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C-reactive protein testing to guide antibiotic prescribing for COPD exacerbations



Butler CC, Gillespie D, White P, et al.

N Engl J Med 2019;381:111–20

doi:10.1056/NEJMe1803185

Patients may be prescribed antibiotics for acute exacerbations of chronic obstructive pulmonary disease (COPD), however many exacerbations have a non-infective cause. C-reactive protein (CRP) tests detect circulating CRP produced by the body in response to infection, and could be used to guide antimicrobial prescribing. However, no studies have explored the feasibility of using CRP tests to guide antimicrobial prescribing for acute exacerbations of COPD.

In this study, Butler and colleagues investigated whether point-of-care CRP testing can reduce unnecessary use of antibiotics without harming patients who have acute exacerbations of COPD.

In this multicentre, open label, randomised controlled trial, patients from across 86 general medical practices in England and Wales with a diagnosis of COPD were assigned to two groups. One group received usual care guided by CRP testing (CRP-guided group) and the other received usual care alone (usual-care group).

The first primary outcome measure was patient-reported-antibiotic use for an acute exacerbation of COPD within four weeks of randomisation and the second was COPD-related health status, as measured by the Clinical COPD questionnaire at two weeks after randomisation. The Clinical COPD Questionnaire is a 10-item scale with a score ranging from 0 (very good) to 6 (extremely poor). At six months, patients completed a standardised version of the Chronic Respiratory Disease Questionnaire (CRQ-SAS) and the European Quality of Life-5 Dimensions 5-Level questionnaire (EQ-5D-5L).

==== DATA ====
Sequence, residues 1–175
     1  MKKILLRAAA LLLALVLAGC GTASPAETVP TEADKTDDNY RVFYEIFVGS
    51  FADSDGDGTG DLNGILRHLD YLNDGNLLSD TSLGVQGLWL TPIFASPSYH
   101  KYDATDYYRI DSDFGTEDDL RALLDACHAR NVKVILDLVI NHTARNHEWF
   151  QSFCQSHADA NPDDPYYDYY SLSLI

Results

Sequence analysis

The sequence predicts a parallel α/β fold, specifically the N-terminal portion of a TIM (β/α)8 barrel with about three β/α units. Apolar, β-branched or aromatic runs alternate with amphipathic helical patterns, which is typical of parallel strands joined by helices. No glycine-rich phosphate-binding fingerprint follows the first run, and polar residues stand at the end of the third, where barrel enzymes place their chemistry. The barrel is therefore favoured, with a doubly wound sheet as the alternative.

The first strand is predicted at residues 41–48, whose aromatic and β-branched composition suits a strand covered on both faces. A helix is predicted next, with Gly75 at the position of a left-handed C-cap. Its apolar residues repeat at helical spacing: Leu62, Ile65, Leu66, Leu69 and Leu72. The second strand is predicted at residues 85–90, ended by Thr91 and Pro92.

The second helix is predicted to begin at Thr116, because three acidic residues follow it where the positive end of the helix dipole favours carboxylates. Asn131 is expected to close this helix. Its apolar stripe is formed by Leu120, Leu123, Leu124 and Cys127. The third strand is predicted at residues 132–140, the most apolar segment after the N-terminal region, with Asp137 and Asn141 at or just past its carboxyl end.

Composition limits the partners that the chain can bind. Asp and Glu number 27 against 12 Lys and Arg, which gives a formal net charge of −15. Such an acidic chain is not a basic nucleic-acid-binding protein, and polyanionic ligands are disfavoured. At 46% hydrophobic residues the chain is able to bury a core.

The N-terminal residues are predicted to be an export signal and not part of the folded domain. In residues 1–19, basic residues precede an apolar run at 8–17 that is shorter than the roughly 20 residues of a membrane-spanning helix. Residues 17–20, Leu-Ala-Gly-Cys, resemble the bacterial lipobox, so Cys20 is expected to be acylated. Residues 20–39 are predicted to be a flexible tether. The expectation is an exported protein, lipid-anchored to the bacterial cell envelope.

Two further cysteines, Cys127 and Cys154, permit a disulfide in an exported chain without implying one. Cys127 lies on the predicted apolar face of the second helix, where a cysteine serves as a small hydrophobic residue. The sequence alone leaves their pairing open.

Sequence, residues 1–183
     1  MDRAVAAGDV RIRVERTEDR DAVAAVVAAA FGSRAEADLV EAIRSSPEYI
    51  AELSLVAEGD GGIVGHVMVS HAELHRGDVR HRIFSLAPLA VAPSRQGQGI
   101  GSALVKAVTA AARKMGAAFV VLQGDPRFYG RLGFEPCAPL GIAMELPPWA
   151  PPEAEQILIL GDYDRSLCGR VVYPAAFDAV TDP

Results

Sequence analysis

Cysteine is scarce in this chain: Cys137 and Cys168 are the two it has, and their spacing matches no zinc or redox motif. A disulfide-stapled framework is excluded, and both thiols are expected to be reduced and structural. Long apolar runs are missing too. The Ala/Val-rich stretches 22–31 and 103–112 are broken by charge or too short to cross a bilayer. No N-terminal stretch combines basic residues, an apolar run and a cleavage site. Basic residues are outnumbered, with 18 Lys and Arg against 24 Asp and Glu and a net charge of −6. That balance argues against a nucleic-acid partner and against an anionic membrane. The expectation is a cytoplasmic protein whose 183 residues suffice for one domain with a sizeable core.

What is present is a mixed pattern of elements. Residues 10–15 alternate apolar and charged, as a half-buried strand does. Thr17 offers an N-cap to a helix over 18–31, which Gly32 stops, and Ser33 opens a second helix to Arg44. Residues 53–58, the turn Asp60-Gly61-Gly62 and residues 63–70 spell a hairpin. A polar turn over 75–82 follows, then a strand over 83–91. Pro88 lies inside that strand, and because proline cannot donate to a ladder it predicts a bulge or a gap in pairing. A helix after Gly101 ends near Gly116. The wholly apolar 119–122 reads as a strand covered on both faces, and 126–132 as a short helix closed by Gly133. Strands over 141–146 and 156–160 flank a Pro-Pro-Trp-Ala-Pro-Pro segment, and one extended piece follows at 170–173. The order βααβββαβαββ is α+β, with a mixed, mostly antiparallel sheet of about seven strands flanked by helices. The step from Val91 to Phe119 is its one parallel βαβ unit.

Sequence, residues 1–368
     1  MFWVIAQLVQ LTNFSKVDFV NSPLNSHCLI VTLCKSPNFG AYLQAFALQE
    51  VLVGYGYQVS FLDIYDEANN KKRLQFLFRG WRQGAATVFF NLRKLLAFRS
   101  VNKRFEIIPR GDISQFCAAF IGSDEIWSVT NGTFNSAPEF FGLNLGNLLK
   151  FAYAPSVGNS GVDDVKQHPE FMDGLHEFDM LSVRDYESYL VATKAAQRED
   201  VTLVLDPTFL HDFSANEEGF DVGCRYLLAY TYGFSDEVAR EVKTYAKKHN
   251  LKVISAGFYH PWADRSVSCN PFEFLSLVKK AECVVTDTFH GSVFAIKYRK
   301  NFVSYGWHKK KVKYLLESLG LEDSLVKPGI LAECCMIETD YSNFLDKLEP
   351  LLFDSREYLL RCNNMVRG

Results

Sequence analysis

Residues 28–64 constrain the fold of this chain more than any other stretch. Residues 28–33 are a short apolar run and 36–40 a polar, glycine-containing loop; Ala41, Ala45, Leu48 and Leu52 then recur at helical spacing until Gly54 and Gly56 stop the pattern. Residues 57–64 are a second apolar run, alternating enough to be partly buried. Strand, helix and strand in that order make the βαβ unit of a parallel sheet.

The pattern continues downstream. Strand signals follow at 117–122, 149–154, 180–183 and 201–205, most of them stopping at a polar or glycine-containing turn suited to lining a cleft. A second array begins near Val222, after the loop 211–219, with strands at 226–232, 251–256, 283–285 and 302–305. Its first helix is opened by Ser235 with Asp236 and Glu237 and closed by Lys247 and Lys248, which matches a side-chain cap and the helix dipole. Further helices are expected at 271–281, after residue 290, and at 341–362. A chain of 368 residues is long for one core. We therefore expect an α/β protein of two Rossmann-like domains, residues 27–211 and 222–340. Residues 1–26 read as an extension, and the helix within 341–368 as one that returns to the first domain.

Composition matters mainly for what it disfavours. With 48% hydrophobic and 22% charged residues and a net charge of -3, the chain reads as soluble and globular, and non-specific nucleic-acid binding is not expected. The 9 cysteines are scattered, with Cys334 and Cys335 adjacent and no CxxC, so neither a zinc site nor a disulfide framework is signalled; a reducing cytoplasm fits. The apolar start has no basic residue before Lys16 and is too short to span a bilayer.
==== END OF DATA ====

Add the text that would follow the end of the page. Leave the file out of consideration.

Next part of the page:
Of the 653 patients who underwent randomisation, fewer patients in the CRP-guided group reported antibiotic use than in the usual care group. (57.0% vs. 77.4%; adjusted odds ratio [OR], 0.31; 95% confidence interval [CI], 0.20 to 0.47) Scores on the Clinical COPD Questionnaire at two weeks were also 0.19 points (two-sided 90% CI, −0.33 to −0.05) lower in the CRP-guided group. Clinicians reported their antibiotic prescribing decisions in case report forms, with data ascertained for all but one patient regarding prescribing at the initial consultation, and 96.9% of patients for prescriptions over the first four weeks post-randomisation. Fewer patients in the CRP-guided group than the usual-care group received an antibiotic prescription at the initial consultation (47.7% vs. 69.7%; OR 0.31; 95% CI, 0.21 to 0.45) and during the first four weeks of follow-up (59.1% vs. 79.7%; OR 0.30; 95% CI, 0.20 to 0.46). Two patients in the usual-care group died during the four week study period from causes considered to be unrelated to the trial. At six month follow-up, there were no significant differences between the two groups on CRQ-SAS or quality of life scores.

CRP-guided prescribing of antibiotics for exacerbations of COPD resulted in a lower proportion of patients receiving antibiotic prescriptions from clinicians or reporting use of antibiotics, with no evidence of worsened health or quality of life outcomes. If implemented in practice, point of care CRP testing could optimise patient care and reduce the unnecessary prescription of antibiotics.




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